Basic Types of IP Laws

Basic Types of IP Laws

capsule serif;”>Regardless of its importance, many entrepreneurs, artists, and content creators are often confounded by the particulars of intellectual property law. It is fairly common, therefore, for these people to neglect or even avoid taking the necessary steps to protecting their artwork, brands, inventions, and other creative output. Oftentimes, there is confusion as to the minutiae of IP laws or a simple lack of information. While the field of intellectual property can surely be complex, having some knowledge of the basic principles is essential, especially as a tool for avoiding potential issues and as a safeguard from counterfeiting and piracy.

Numerous state and federal laws protect intellectual or creative property such as written works, musical compositions, software, architecture, photography, films, paintings, and other artwork. On the whole, these various laws are known as intellectual property laws, and they include such things as trademarks, copyrights, and patent laws. Each of these is defined by its own set of technicalities and rules and each is only applicable in certain situations.

If you are trying to get permission to use a creative work, then your main concern is copyright law. But because certain types of permissions are granted when the use of certain types of intellectual property is sought, it also pays to become familiar with other laws that are pertinent to the permissions process.

Types of IP Laws

  • Copyright

Federal copyright laws protect any creative output that is or can be expressed in a tangible medium from unauthorized distribution, reproduction, and display by others. Subject matter protected include books, software, art, codes, websites, promotional material, organizational manuals, architecture, photographs, dance, music, and such. To obtain copyright protection, a work must comply with specific minimum requirements. Registration with the Library of Congress affords enhanced protection, though unregistered works may have limited protection.

The length of copyright protection is determined by the date of creation or first publication date of the work. Artists and entrepreneurs are advised to file copyright applications as soon as possible and to obtain written agreements with business partners and co-creators setting forth ownership stakes in present and future copyrightable matter.

The downside to copyright law is that while it protects a specific expression of the artist’s or creator’s original idea, it does not protect the idea itself. Copyright laws do not prohibit individuals from independent expression of another’s concept. Thus, the artist may need to obtain other types of protection, such as a patent.

  • Trademark

Trademarks apply to source identifiers of products or services. These include names, logos, slogans, product packaging, and other devices or configurations that distinguish products, services, and brands. Trademark laws protect, say, a business from other using deceptively similar identifiers. For example, the iconic Golden Arches-like M letter is a trademark of McDonald’s. No other business can use the same symbol. However, a trademark does not prevent others from making or selling the same products or services under a distinctly different identifier.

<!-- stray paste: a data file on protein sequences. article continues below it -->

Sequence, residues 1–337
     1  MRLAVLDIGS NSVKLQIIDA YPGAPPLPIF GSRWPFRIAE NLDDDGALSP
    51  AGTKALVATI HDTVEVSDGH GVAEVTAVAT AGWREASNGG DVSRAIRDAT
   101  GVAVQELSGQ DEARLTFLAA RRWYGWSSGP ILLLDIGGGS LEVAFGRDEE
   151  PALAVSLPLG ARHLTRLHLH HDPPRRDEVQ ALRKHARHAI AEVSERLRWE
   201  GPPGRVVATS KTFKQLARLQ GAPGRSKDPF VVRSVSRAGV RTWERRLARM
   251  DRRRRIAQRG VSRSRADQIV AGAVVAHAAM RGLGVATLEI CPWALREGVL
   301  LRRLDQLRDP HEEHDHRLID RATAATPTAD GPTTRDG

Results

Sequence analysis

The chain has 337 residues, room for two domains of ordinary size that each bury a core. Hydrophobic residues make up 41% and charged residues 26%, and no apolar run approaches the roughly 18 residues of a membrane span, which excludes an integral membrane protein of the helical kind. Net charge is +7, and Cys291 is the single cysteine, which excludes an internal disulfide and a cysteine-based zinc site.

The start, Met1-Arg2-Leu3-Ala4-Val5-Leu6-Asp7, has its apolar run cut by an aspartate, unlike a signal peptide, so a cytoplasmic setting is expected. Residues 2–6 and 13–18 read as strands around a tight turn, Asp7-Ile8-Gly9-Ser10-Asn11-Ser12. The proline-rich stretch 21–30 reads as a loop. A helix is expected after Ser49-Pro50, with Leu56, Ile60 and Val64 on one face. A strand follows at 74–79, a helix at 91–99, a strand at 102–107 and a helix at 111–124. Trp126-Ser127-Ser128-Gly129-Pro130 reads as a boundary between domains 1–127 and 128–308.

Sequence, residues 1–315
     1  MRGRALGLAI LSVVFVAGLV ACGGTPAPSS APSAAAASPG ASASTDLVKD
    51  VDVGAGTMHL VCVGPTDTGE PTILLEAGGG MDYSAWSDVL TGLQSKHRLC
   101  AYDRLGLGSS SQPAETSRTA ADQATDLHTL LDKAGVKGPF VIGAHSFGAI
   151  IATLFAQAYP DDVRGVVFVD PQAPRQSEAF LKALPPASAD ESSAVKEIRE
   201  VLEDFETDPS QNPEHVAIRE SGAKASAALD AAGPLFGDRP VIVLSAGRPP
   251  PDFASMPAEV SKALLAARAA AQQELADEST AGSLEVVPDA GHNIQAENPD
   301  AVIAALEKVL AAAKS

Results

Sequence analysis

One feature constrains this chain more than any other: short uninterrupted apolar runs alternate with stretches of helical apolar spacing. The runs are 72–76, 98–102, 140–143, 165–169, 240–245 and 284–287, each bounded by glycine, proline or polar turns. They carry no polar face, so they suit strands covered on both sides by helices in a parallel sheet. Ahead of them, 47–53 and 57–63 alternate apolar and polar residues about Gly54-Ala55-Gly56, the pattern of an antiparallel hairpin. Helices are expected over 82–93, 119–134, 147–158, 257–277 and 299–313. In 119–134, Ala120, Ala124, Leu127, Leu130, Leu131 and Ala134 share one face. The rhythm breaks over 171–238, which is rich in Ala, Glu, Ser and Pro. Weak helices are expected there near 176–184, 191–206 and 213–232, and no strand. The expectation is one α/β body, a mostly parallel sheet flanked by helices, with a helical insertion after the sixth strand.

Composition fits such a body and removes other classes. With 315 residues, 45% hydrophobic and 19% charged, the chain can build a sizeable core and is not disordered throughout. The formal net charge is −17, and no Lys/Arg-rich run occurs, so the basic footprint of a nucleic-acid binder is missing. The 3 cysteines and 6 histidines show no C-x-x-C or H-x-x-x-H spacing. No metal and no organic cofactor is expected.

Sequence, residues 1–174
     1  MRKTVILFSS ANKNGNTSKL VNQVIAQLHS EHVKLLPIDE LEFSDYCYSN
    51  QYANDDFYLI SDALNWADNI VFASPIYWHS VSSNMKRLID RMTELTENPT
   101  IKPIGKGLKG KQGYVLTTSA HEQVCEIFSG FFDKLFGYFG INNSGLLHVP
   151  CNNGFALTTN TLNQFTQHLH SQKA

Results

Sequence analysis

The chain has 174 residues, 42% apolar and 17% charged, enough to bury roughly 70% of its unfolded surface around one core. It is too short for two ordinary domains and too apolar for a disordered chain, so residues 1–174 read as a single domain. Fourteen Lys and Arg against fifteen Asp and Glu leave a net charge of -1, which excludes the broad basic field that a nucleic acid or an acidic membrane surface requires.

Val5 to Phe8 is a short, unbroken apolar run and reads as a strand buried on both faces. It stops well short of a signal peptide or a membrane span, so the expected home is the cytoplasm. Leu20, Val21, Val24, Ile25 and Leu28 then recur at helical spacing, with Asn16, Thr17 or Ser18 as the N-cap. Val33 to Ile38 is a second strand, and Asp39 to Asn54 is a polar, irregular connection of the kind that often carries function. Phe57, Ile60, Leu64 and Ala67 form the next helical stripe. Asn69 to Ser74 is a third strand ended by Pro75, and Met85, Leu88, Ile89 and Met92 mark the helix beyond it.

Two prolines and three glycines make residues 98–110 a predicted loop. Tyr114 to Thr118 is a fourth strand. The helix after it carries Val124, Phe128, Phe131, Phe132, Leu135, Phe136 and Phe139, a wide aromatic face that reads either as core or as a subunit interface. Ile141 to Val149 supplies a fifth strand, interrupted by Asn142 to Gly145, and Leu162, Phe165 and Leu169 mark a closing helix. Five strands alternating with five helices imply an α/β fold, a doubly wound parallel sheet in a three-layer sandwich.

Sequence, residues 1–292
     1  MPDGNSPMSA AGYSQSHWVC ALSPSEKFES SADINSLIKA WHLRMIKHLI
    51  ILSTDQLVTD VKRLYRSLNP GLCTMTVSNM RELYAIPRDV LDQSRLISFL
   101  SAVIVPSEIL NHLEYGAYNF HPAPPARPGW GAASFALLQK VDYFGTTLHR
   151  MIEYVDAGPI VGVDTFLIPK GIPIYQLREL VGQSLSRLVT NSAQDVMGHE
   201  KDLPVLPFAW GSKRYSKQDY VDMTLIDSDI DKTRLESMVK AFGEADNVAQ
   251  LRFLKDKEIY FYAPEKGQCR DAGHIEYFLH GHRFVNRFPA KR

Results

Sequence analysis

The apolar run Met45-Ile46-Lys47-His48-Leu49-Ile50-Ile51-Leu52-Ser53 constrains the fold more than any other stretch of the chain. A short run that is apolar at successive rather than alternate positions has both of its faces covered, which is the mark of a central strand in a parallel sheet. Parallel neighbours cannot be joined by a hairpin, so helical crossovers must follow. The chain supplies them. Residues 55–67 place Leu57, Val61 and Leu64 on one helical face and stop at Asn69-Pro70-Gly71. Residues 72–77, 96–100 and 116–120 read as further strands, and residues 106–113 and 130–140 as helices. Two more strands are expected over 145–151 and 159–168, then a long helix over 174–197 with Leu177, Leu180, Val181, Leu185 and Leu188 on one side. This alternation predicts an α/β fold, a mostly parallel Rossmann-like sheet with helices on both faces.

Unlike copyrights, there are various degrees of protection afforded by a trademark. This is dependent on certain factors such as the type of good or service, consumer awareness of the brand, and geographic area where the trademark will be used. It is highly recommended that trademark applications be filed as soon as possible with the Trademark Office. Actual sales prior to trademark application are not required; however, actual sales have to be tendered before the application process is completed. Ongoing trademark rights are dependent upon sales made under the trademark. A trademark application is not the same as a trade or business name registration or a domain name registration.

  • Patent

Subject matter that can be protected by a patent include all new or improved product, service, or process such as mechanical devices, electrical circuits, software, hybridized plants, designs, and such. Patent laws protect against the manufacture, use, sale, and distribution of the patented invention, as well as from reverse engineering and independent creation from the patented concept or design.

There are three types of patents: (1) utility patents, (2) design patents, and (3) plant patents. Patent registration is done with the US Patent Office. It is highly recommended that patent applications be filed as soon as possible and prior to displays, publications, and disclosures of the subject matter to be patented. The downside of a patent is that it is only enforceable for a limited term lasting about twenty years from the date of patent application in the United States. US patents are only enforceable within the United States and its territories and possessions. Publication of the patent is required upon patent issuance.

Both comments and pings are currently closed.

Comments are closed.

Powered by WordPress | Designed by: free Drupal themes | Thanks to hostgator coupon and cheap hosting